Confidentiality Agreement Not Enough to Protect Trade Secret
The Seventh Circuit Court of Appeals, applying Illinois law, recently held that a confidentiality agreement signed before disclosing information to a subcontractor may not be sufficient to avoid summary judgment in favor of the subcontractor accused of violating the agreement by using the trade secret.
The plaintiff and appellant in nClosures, Inc. v. Block & Co., (Oct. 22, 2014), was a design firm with rights to a design for a metal case for electronic tablets that had been designed by an independent contractor, LeBlanc. nClosures entered into a confidentiality agreement with Block for the purposes of engaging in discussions and evaluating a potential business relationship with respect to iPad Enclosures. nClosures thereafter provided Block the design files for its Rhino products and Block began producing a product called the “Rhino Elite.” At about the same time that the Rhino Elite entered the market, Block developed a design for its own table enclosure. The relationship was later terminated and nClosures sued, alleging fraud, trade secret misappropriation, breach of fiduciary duty and breach of contract. The district court granted Block summary judgment dismissing all claims.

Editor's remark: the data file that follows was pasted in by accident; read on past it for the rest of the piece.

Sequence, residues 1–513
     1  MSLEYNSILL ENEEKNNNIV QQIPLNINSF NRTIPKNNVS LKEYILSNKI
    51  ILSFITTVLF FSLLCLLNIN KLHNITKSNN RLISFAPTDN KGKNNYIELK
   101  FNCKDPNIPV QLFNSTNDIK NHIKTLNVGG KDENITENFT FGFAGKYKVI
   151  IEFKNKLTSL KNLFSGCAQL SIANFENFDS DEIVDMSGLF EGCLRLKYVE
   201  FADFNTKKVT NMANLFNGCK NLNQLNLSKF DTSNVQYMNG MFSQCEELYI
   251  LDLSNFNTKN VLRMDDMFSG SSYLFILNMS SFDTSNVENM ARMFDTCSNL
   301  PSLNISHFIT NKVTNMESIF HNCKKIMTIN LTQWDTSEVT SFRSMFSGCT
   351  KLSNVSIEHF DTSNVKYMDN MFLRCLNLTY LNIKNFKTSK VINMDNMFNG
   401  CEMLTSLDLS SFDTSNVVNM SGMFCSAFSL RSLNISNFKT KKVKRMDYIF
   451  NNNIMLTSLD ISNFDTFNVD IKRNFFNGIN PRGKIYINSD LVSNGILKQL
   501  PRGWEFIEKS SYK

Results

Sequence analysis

nClosures appealed the grant of summary judgment on its breach of contract claim. The Seventh Circuit held that when the breach is of a confidentiality agreement, Illinois law requires that the information protected must actually be confidential and that reasonable efforts be made to keep it confidential. The Court of Appeals agreed that on the facts, no reasonable jury could find that nClosures took reasonable steps to preserve the confidentiality of the Rhino design. While it entered the agreement with Block, nClosures had no such agreements with the designer LeBlanc, with employees of Block who had access to the designs nor with manufacturers of prior versions of the Rhino Elite. The drawings themselves contained no markings suggesting confidentiality. Accordingly, the grant of summary judgment was affirmed.
The lesson of nClosures is that a confidentiality agreement must be viewed as but one part of an overall strategy of protecting and preserving the confidentiality of information shared with others.